I’d been dreaming about returning to the ‘Bugs for months, so when the time finally came to potentially head up I watched the weather forecast like a fanatic. Packing commenced nearly a week before and was accompanied by an aggressive meal dehydration scheme spearheaded by Erica. Pasta sauce, stir-fry, chili, all manner of delicious meals had the juices sucked out of them in preparation for the slog in.
We headed up late on a friday night, driving to Kamloops where we poached a site by the side of the road out in the boonies. We drove on the next morning disappointed by wet weather and damp. When we reached Revelstoke it was still raining and the forecast hadn’t let up so we decided to head to the Banff-Lake Louise area for some climbing in the sun. We spent Canada-Day climbing at the back of the Lake, where Jon and Jen discovered some sport and trad that was to their liking. The climbing at the Back-of-the-Lake is well known as being a destination for hard steep sport climbing, lots of big horizontal holds and solid rock. While all of that is true and the climbing is fantastic, I couldn’t help but feel that for the grades the routes we were climbing were definitely on the harder end and perhaps that grade -inflation in Squamish is more real than I had previously realized.
Finally we gave the weather forecast another look and decided to head into the Bugs when Jon’s iPhone called for a string of sunny days after one lousy one. Seizing our window we hiked in and decided to wait out the crap weather in the Kain Hut. We enjoyed the best possible weather-day given the circumstances, playing Settlers of Catan, reading and drinking tea. We played cards and I spent some time imagining that for once in my life I had found a game I was good at. That hope was shattered as I proceeded to lose catastrophically. Ah well.
When finally the clouds that had engulfed our view cleared we moved our camp up to Applebee and Erica and I decided to head up to Pigeon. Up on the glacier clouds rolled in and we found ourselves engulfed. When it cleared we were able to get a bit of a view of the West Ridge (5.4), and decided that there was too much snow on it to really make it feasible in the allotted time. We reckoned that with the time it would take to pitch out climbing that would normally be soloed, we would be climbing into the evening.
Erica’s last trip to the Bugaboos had unfortunately been during a period of intense rock-fall on the B-S Col, which meant that she’d had no chance to climb on any of the more prominent spires. I had singled out the Buckingham Route as a goal, as it is relatively short and follows a fairly easily discernible line of weakness up broken ground and flakes to the summit of Snowpatch Spire. With the hardest climbing at the top (a few moves of 5.8 slab) I had hoped to simul much of the lower section. Unfortunately despite having given it lots of time to melt after the snowstorm earlier in the week we found nearly the whole route choked with ice and verglas. We did it anyways and while it was considerably slower than we hoped, the weather held out and we enjoyed beautiful views and particularly full-value nearly-Patagonian conditions. On the descent, one of our two rappel ropes (50m raps) got jammed and had to be chopped (this route is particularly bad for that). Such is life.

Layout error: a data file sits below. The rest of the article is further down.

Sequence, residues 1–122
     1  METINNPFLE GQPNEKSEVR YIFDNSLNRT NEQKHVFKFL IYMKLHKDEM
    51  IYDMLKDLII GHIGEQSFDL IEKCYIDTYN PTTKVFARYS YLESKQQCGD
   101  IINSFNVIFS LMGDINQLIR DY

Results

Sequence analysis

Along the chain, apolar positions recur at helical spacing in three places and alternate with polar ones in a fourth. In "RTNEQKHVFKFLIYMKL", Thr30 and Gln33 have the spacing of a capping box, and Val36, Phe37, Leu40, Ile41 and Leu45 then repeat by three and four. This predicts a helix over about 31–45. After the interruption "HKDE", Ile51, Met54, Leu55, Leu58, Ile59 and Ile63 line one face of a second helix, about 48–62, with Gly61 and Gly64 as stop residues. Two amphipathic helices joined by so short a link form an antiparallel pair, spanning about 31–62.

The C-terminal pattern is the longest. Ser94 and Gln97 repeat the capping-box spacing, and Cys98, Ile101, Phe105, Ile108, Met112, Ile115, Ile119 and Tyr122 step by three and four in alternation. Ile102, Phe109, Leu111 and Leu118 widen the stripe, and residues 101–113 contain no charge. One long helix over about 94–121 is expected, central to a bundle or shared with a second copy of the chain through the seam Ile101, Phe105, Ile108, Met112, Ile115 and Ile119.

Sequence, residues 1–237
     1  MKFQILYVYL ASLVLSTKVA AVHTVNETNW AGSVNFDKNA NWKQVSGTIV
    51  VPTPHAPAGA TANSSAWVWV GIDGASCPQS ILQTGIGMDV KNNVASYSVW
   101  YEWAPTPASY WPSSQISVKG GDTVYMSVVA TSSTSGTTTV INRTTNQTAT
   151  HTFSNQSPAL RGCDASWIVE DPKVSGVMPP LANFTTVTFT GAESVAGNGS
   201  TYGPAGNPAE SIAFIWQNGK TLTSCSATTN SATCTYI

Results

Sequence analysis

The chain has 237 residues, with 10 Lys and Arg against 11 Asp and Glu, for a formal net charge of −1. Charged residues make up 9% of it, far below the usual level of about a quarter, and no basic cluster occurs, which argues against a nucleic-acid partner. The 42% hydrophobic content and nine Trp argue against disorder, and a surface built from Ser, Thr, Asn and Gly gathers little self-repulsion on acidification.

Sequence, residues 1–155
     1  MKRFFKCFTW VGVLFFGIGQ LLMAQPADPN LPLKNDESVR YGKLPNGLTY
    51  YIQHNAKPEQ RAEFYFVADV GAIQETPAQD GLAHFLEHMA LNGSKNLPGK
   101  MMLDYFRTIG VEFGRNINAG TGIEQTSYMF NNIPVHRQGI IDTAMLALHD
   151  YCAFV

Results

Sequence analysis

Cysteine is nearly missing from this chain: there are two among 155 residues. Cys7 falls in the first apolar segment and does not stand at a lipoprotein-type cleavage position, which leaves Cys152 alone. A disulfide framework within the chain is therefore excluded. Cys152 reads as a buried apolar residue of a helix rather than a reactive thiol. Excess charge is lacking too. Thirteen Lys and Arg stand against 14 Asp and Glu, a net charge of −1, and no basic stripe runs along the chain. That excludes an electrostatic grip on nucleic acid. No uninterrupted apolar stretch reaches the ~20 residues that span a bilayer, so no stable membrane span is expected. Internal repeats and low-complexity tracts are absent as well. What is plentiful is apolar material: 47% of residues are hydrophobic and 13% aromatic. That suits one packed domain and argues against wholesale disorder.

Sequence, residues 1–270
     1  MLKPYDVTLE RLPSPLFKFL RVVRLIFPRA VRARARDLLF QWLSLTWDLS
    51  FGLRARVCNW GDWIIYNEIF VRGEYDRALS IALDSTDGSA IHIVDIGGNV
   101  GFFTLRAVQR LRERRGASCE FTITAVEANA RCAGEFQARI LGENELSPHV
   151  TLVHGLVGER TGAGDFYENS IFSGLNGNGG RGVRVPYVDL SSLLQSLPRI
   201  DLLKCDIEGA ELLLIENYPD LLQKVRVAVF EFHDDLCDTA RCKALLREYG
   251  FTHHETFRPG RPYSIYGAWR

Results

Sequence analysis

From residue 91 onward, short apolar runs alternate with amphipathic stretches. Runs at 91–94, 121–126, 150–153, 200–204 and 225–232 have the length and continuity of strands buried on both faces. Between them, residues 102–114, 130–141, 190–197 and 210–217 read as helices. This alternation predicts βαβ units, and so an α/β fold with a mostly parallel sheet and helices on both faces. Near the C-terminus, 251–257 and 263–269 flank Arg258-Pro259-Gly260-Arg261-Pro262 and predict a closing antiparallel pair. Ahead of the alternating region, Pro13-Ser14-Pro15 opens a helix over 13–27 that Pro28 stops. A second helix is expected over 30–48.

McTech Arete had been a goal of mine for ages, and while unfortunately we didn’t end up climbing the whole route this trip. We got the first few pitches out of the way before our stoke wavered in the face of intense sun and dehydration and we decided to bail. In fairness, the first two pitches are pure gold, undoubtedly amongst the best quality I have climbed ever. The 5.9 roof which you hit just before the first belay is stout and the finger crack that follows is marvellous, surrounded by plenty of edges just right for standing on.
Despite the relatively early season dates for our trip (first week of July), we enjoyed splitter weather and good snow conditions for walking. Some of the higher spires still had quite a lot of snow left on the routes which made things like Pigeon and the Kain Route challenging, but if we had been more focused on those I am sure we could have done them as well. As it was we stayed closer to Applebee and explored more of the technical climbing around Crescent Spire which was beautiful.
It should be noted that on the road back to Vancouver the Bat-Mobile (as Jon and Jen’s car is named) stopped at the Big Bend Cafe in Golden and several Mountain-Man breakfasts were demolished. Whole battalions of pancakes met their Waterloo. They were delicious.